9:00am — I wake up slowly, and stay in bed playing on my phone and drinking my coffee. I’m going to a board game day today, and I can feel myself procrastinating because — though the people are lovely — they’re mostly the second-degree friends of my friend rather than actual friends, and it’s always a bit tiring to keep the conversation rolling.
10:45am — Determined not to be early, I leave and catch a bus to town ready for the second bus up north to the suburbs. Turns out it’s cancelled, so I’m going to be actively late, which is also not ideal. I check whether I can find snacks in town so I can at least get that errand done while I wait, but nowhere’s open on Easter Saturday except an exorbitantly priced souvenir and convenience store. I give up, and factor that into my apology and updated ETA.
11:36am — Once I finally catch my bus, I settle in with a new (to me) podcast: Who shat on the floor at my wedding? I love a true crime parody, and this one promises to be hilarious. Turns out one of my friends was on the bus with me, so we swing by the supermarket where I grab a six-pack of Bundaberg Ginger Beer and two bags of hot cross buns ($17.71). Then we walk over together. $17.71
3:45pm — Really fun day in the end! We played Werewolf Legacy, which is a social deception/bluffing game. We got through about three rounds before kids needed to be taken home for naps (and all the adults were pretty ready for one too). I get home bang on 5pm, ready to feed the cat, and collapse with my Switch before heading to bed at 10:15pm.
Daily Total: $17.71

Day 7

9:00am — A beautiful morning! I decide to get some work done, since it’ll be much easier to do without interruptions now than next week. Chuck on some Poirot in the background and start coding, waiting for the sun to directly hit our backyard.
11:30am — Taking full advantage of the sun (well, not quite… I wasn’t organised enough to do laundry), I get dressed in my gardening clothes, and go out to hopefully finish cleaning the courtyard. We definitely left the grass too long, because prising it out’s a real mission. I keep listening to my new podcast while I do, but it starts to drag near the tail end. Good concept, but it didn’t need 13 episodes, especially when (spoilers) the ending is inconclusive. If someone presents me with a whodunnit, I like to know the answer!
2:00pm — I finish my leftover pizza for lunch. It reminds me my meal box is due, so I put out the box and recycling from the last one for the delivery person to swap. This week’s meals are za’atar spiced chicken, teriyaki beef, and eggplant parmigiana. I love my meal boxes because they decide the menu, deliver all the groceries and pick up the recycling. They also do the more intensive prep (like making sauces and parboiling potatoes) for me, so I've decided to keep going with them even though it's definitely more expensive than just cooking the same things myself.
When my new box gets dropped off, I see that I've also been sent a pancake mix as a long weekend treat, which I appreciate, but it also calls for a lot of pantry staples. If I were the kind of person who had eggs and milk, I wouldn’t need someone to premix my dry ingredients, you know?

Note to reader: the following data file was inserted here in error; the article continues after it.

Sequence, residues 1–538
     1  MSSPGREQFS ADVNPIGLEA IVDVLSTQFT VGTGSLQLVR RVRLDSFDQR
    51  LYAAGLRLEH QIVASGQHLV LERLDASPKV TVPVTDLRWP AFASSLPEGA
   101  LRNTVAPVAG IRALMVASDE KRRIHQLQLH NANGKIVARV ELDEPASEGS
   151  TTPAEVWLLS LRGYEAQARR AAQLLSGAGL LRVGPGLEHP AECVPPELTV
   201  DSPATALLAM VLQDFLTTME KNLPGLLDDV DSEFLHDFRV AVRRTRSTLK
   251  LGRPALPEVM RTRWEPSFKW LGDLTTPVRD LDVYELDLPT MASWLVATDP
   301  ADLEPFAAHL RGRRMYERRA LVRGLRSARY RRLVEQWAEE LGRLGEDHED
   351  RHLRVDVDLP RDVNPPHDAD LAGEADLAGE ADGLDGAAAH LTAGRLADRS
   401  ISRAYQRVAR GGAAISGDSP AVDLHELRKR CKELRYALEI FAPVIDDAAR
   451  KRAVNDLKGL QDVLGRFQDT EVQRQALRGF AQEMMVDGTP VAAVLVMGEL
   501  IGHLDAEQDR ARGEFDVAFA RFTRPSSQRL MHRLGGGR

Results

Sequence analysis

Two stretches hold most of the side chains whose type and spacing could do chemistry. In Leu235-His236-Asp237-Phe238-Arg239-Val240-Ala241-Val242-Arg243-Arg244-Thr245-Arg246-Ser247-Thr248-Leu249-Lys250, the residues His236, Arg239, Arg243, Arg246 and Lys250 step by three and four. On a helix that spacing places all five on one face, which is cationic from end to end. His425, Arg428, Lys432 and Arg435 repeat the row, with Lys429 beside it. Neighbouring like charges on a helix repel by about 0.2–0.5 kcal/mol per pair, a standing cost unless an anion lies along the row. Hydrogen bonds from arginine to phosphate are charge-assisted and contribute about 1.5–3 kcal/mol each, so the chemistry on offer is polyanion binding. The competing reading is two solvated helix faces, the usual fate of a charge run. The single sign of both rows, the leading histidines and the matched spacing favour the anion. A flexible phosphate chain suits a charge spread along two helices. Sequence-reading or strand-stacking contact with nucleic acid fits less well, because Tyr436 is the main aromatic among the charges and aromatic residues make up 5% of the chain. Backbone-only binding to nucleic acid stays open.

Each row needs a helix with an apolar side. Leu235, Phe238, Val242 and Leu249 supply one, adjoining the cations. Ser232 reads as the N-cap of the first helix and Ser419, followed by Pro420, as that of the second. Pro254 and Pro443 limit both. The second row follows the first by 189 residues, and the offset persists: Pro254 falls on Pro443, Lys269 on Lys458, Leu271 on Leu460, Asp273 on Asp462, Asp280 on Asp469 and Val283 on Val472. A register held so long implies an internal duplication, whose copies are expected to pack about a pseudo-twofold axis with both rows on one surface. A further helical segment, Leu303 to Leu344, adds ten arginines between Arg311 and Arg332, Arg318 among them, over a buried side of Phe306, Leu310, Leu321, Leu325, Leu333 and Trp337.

3:00pm — A shower and a facemask, ready to go out tonight! It’s kind of a friend’s wedding, but also they already eloped, so really more of just the reception. Either way, I’m excited! I spend the afternoon pottering, finishing my code and cuddling the cat, before putting on some makeup and pulling out a black jumpsuit. The dress code for tonight was ambiguous, so I’m going a little formal, but still comfy in white sneakers. I’m also not sure what the deal is with drinks, so I load up a backpack with the makings of Aperol spritzes, since they’re a great wedding cocktail and if there’s bubbly floating about, can be shared with anyone else who wants one.
7:05pm — My flatmate and I arrive punctually and pop our gift on the gift table. I wander upstairs to find somewhere out of the way to leave all my jackets and bag, and run into the bride, who looks amazing! I’m glad I went on the formal end since the couple wore their wedding outfits again and look incredible. Drink in hand, I head downstairs and settle in at one of the tables they’ve set up. I manage to snag one a bit out of the way, so I can call the dog over and give him scritches while I chat. It’s great to catch up with people I don’t often see, and I also get to meet most of the bride’s family due to my shameless dog-hogging. 
8:00pm — In a very on-brand move, the couple organised our regular pub quiz hosts to come as entertainment as well as guests, and we have a surprise trivia quiz! It’s great structurally too — a couple of rounds, then speeches, then a couple more rounds. There’s plenty of pizza and snacks and a delicious non-alcoholic punch I start alternating my cocktails with.
10:30pm — The quiz winds down. We came 4th out of 12 teams, which is a pretty good result! Apparently, the groom’s family were talking a big game beforehand, not knowing that a good third of the room live and breathe trivia. Afterwards, the front tables start being cleared away to make room for karaoke. Everyone sticks around for at least a couple songs (including a very cute rendition of ‘Bad Habits’ by one of the young cousins), and then the older people start trickling out.
12:00am — Technically, at this point, it’s midnight, and I can stop, but I’d feel dishonest if I didn’t confess that when I left — joining the 'close-it-out' crowd at about 2:45am — I left my phone behind. I decide to leave fetching it until the morning, partly in case the happy couple used our exit to go straight to bed, and partly because I’m not 100% sure I didn’t leave it at home… Still, an excellent evening!
Daily Total: $0

Anything else you'd like to add or flag?

I did find my phone in the end! It got put upstairs by a helpful table clearer, who thought it belonged to the bride. Also, this was a pretty good reflection on my drinking as well as my expenditure — I tend to have a glass of something most evenings, and this made me a little more conscious of that. I might try to stock some non-alcoholic options for the next month or so, and see if I can shift away from reaching so reflexively for wine or a cocktail to end the day.